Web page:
Aperture 3 adds a few twists compared to the last version. For me, since I work in Raw and then send JPEG images to magazine editors as part of my job as a journalist, I tend to shoot in Raw+JPEG. That way, I know I can edit Raw images and export them as JPEG images, or just use the unaltered JPEG images as is. Aperture 3 can be set to only import the JPEG image or only the Raw image, a handy new addition. I also liked the new ability to see EXIF data—such as the exposure setting—for images before import. That way, it’s easy to select images and skip import for those you don’t want, based on the camera settings. This improves the workflow over other organizers because you can start making photo decisions even at import.

One last improvement of many: if you own a camera that lets you flag photos, such as the Nikon D700 and Canon 1D models, Aperture 3 can be set to only import those images. This also improves workflow because, once again, your workflow starts in camera as you select shots you know you want.

Direct Uploading
Aperture 3 now supports direct uploading to Flickr and Facebook. I’d like to see more pro services added—such as PhotoShelter—for photographers who sell images online.

After import, Aperture 3 shows you a list of projects for each imported photo set. For example, I imported photos of a Dodge Caravan and labeled the project “Caravan” to make them easy to find. One comment about working with projects: it’s a great way to speed up the program, because I could browse 200 photos in real time (there was never any delay in scrolling through these images). Conversely, viewing all 8000 images in one window caused some slowdowns as thumbnails popped in slowly. Projects are a great workflow paradigm, and Aperture 3 enhances the idea—you can now view a project summary window that shows you the location of those shots. You can browse projects this way—once you view the info for one project, you click an arrow to see other project summaries.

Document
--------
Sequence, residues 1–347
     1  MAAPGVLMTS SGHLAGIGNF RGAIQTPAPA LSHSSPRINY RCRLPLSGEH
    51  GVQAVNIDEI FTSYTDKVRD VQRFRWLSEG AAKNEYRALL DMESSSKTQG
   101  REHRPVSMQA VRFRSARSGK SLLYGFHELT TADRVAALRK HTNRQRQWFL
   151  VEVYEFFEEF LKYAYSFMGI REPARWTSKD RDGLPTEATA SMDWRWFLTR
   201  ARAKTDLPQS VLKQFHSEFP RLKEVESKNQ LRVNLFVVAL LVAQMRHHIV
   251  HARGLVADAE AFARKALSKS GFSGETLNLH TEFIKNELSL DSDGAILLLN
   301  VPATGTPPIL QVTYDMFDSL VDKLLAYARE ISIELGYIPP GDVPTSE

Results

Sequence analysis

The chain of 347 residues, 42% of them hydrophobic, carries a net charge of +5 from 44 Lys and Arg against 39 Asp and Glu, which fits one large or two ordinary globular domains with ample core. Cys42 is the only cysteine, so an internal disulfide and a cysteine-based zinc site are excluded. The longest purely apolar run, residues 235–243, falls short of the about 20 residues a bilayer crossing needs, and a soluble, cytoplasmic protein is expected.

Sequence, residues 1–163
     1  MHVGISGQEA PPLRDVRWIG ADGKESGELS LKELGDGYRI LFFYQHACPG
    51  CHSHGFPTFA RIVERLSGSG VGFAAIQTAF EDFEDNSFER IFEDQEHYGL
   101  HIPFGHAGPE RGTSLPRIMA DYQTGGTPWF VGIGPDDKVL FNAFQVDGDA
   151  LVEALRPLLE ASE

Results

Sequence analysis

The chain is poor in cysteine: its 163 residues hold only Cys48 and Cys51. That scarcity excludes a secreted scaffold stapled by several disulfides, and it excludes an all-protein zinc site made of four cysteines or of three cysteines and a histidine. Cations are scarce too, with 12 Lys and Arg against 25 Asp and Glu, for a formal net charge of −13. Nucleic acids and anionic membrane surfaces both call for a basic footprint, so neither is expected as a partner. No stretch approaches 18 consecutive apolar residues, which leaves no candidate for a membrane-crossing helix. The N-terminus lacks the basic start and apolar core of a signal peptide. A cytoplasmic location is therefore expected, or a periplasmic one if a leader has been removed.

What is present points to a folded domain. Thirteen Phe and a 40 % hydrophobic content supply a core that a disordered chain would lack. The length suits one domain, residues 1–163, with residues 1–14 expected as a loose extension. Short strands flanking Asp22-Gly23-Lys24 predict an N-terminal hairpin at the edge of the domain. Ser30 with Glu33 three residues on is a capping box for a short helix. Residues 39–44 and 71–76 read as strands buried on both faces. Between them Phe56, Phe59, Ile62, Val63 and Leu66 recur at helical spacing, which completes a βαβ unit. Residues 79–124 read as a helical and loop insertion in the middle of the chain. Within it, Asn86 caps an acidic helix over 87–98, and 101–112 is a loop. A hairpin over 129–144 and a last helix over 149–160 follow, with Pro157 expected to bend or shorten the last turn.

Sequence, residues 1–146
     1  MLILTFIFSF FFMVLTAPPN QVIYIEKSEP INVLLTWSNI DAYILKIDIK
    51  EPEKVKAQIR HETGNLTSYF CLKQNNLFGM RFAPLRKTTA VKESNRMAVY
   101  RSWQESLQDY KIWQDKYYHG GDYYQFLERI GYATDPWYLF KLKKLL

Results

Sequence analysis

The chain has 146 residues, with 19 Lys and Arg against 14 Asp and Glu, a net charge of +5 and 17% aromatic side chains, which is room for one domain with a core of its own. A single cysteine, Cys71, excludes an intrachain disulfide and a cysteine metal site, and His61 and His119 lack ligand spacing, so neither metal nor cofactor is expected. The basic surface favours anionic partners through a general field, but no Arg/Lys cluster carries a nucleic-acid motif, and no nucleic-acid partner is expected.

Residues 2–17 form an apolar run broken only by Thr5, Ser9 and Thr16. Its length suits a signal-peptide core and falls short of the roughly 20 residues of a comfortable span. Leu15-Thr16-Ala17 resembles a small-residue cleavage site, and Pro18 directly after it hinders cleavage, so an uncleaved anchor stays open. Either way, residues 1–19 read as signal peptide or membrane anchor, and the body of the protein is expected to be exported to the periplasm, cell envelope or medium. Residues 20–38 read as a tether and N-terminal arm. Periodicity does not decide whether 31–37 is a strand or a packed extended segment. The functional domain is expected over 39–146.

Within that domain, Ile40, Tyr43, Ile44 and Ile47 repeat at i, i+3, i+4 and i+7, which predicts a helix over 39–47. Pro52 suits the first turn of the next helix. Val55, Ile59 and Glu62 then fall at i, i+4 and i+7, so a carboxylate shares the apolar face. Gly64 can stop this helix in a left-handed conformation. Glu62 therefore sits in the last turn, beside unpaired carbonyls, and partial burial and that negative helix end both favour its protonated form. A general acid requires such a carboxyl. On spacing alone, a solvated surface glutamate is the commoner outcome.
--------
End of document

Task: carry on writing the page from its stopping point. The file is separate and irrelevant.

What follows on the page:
Projects are stored in libraries, and you can now switch between libraries without having to restart Aperture 3. This command is listed under the File menu, although I’d prefer an even faster way to switch libraries right from the main screen. One workaround for this: when you open Aperture, you can hold down the Option key to select the library you want to use for that session.

Project Information
Part of the workflow is adding projects that contain imported images. Here, I checked the project summary that shows a quick summary of the photos, a thumbnail, and the location.

Aperture 3 also adds a few overdue features for tagging images, which helps you keep them organized. You can now apply a color label. I tagged all of my car photos in red, portrait shots of my kids in yellow, and other candids in blue to quickly delineate them. You can now merge projects into one, export entire libraries and keep the project folders intact, and flag photos (just press /) to tag them as important shots. You can then sort project folder and images according to date, location, flag, etc.

The new sorting options for face tagging and place tagging (borrowed from iPhoto) are useful enough, but not wholly impressive. The Faces feature automatically detects faces and groups them. You can then tag additional images for that person, and the program uses your selections to “learn” to identify that person in other photos. In my tests, where I had thousands of images of four or five people, Aperture 3 only tagged a small handful initially but did start tagging additional images correctly the more I “trained” the program over time. Still, for professionals, this feature has a negligible value overall. We tend to know our subjects well enough to tag them appropriately and group them into projects.

The main browser view shows you a list of thumbnails for the selected project. You can view all imported photos as well, but this can slow the application’s performance.